As part of a project I’m currently working on, I’ve been thinking through the various presently-existing models for thinking about theological (or more ambiguously religious) discourse. Specifically, what I have in mind here are ways in which theological discourse is positioned with regard to philosophy. There are, as far as I can imagine, four models:
(1) Philosophy as condition of possibility for theology. Here I have in mind the approaches of figures such as Heidegger (especially in his “Phenomenology and Theology” essay) or Bergson. Theological or religious discourse is admitted, but only when it is understood that that such discourse is a specific borrowing or deployment of a more fundamental and generic mode of thought that is properly philosophical.
(2) The cultural-linguistic model. The common assumption, following in a Wittgensteinian vein, would be that there is a basic incommensurability between various cultures and their respective discourses. Theology, in its particularity, is thus granted a specific autonomy that does not need to pass through more generic conditions of possibility or thinkability. Exemplars would include Lindbeck, Hauerwas, and Barth (and his followers).
(3) Postmodern Thomism. Shares with (1) the desire to speak generically—i.e. at the level of the ontological or whatever, but also shares with (2) the desire to make theological discourse primary. This is accomplished, of course, by claiming that it is only (or it is preeminently) with theology that one finds the proper means of thinking being. Milbank, of course, is the one who has pursued this project most extensively.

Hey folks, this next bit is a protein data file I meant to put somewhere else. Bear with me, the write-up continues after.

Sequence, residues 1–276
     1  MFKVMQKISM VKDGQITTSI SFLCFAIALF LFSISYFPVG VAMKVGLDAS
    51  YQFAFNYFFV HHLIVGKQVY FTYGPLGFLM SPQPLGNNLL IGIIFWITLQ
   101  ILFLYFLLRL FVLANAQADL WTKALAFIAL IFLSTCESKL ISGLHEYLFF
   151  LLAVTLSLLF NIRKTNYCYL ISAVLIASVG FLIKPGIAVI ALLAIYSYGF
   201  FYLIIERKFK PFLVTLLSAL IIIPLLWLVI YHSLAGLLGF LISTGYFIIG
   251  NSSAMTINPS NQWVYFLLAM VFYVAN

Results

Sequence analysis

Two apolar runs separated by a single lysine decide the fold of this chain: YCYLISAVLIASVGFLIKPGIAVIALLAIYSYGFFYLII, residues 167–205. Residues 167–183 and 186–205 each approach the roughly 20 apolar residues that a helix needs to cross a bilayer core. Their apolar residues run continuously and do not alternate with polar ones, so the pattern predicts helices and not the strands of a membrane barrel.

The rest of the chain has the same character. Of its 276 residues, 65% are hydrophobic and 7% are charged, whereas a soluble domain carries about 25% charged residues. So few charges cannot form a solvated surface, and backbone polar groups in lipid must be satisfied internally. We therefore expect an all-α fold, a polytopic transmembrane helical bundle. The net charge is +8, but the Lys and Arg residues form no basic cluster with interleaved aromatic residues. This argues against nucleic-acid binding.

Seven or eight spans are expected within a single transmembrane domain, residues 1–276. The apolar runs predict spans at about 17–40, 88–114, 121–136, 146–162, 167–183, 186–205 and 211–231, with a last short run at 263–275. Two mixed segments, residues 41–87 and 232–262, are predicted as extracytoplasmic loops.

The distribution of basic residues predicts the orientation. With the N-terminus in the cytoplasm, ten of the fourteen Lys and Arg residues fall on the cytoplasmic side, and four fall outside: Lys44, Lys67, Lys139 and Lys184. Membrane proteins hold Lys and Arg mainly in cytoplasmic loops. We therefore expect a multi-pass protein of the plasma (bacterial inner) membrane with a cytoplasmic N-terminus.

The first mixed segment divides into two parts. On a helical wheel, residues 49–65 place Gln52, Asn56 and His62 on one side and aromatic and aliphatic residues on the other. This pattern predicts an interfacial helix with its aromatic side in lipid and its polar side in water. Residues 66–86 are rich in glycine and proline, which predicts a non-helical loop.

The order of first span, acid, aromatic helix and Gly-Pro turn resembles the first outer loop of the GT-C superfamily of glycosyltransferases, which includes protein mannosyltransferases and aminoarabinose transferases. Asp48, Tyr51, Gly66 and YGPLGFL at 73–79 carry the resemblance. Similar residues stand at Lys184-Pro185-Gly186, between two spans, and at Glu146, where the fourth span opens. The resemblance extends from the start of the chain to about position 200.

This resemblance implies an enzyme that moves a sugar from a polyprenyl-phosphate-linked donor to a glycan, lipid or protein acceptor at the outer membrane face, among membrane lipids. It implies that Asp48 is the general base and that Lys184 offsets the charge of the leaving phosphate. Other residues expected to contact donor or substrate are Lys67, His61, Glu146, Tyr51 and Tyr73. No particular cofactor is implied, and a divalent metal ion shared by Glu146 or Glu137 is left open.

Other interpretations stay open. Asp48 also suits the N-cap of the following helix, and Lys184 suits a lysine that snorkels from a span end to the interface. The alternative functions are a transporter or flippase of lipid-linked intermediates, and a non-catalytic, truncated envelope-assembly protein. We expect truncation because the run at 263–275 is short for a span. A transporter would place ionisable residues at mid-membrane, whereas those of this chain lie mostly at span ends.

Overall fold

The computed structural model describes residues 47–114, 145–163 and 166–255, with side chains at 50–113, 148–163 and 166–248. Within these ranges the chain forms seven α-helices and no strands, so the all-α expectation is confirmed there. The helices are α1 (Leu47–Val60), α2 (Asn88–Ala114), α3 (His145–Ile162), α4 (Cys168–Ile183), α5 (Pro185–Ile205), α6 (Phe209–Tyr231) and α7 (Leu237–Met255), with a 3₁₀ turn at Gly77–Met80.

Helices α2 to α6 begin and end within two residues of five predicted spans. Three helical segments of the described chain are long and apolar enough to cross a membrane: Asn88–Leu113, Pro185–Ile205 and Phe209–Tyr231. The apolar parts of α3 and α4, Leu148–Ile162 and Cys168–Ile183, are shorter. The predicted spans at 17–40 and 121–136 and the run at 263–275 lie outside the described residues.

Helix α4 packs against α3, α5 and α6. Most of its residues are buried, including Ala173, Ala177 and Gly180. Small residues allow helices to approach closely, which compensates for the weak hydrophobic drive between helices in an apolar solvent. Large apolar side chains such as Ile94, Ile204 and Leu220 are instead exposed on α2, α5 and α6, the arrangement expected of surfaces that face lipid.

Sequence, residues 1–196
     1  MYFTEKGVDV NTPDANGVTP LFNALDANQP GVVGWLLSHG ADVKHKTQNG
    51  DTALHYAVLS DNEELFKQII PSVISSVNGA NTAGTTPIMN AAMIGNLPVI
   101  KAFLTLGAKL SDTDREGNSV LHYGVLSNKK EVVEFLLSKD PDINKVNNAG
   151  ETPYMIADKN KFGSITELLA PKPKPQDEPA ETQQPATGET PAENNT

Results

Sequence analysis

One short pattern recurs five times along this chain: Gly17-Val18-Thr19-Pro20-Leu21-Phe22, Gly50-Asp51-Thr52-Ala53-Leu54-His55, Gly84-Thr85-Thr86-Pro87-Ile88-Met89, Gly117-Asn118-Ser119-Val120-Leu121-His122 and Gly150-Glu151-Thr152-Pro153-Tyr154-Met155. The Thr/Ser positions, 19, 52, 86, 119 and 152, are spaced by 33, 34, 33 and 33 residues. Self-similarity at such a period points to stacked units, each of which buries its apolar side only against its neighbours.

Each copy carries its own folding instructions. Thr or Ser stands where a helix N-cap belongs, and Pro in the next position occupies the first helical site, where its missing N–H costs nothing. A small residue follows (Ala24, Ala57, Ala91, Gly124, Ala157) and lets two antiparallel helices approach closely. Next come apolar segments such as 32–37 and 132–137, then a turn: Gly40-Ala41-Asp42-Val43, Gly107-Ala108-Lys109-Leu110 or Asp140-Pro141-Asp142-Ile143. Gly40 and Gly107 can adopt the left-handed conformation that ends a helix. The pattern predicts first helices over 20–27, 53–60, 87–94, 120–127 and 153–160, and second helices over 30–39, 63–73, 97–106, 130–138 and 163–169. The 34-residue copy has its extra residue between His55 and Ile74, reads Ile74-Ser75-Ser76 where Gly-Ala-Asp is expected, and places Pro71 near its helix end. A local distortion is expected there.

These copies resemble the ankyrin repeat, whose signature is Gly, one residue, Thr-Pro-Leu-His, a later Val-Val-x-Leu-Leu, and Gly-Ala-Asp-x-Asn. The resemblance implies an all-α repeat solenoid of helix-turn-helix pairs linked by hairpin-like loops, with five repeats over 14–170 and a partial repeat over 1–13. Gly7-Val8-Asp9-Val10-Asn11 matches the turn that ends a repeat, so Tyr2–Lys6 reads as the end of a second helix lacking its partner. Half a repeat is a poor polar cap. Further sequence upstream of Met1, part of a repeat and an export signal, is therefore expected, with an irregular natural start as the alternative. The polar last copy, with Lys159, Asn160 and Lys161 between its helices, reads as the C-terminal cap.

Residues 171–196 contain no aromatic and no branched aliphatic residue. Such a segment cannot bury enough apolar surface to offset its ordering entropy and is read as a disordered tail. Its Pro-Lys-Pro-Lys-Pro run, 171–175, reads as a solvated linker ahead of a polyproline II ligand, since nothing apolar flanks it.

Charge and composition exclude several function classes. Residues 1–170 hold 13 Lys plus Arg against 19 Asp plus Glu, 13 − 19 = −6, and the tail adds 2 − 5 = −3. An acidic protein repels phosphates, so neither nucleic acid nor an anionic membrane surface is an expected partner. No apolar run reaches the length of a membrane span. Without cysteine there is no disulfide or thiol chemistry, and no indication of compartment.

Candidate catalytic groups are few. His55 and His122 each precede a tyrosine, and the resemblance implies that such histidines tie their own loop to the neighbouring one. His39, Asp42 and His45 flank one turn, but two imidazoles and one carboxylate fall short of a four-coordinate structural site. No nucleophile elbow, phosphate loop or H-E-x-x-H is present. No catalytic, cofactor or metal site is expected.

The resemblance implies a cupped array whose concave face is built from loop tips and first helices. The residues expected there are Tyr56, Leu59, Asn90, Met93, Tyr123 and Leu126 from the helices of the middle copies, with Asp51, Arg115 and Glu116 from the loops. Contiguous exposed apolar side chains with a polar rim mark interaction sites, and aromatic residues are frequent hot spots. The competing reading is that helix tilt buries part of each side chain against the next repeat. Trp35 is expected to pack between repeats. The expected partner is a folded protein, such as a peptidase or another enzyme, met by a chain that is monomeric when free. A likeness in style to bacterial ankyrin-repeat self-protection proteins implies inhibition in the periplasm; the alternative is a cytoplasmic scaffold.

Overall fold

(4) Theology as unthought remainder. This model is distinctive in its unwillingness to position theological discourse at the level of the generic or the particular (or some combination thereof). It might be best to say that theology functions as a coefficient that enables a paraphilosophical discourse. Only by encountering theological discourse more seriously does it become possible for philosophy to fulfill its innovative tasks, which have been hampered by a premature jettisoning or overcoming of such discourse. While their operations are singular, this model is common to Agamben, Žižek, and Derrida.
What do you think?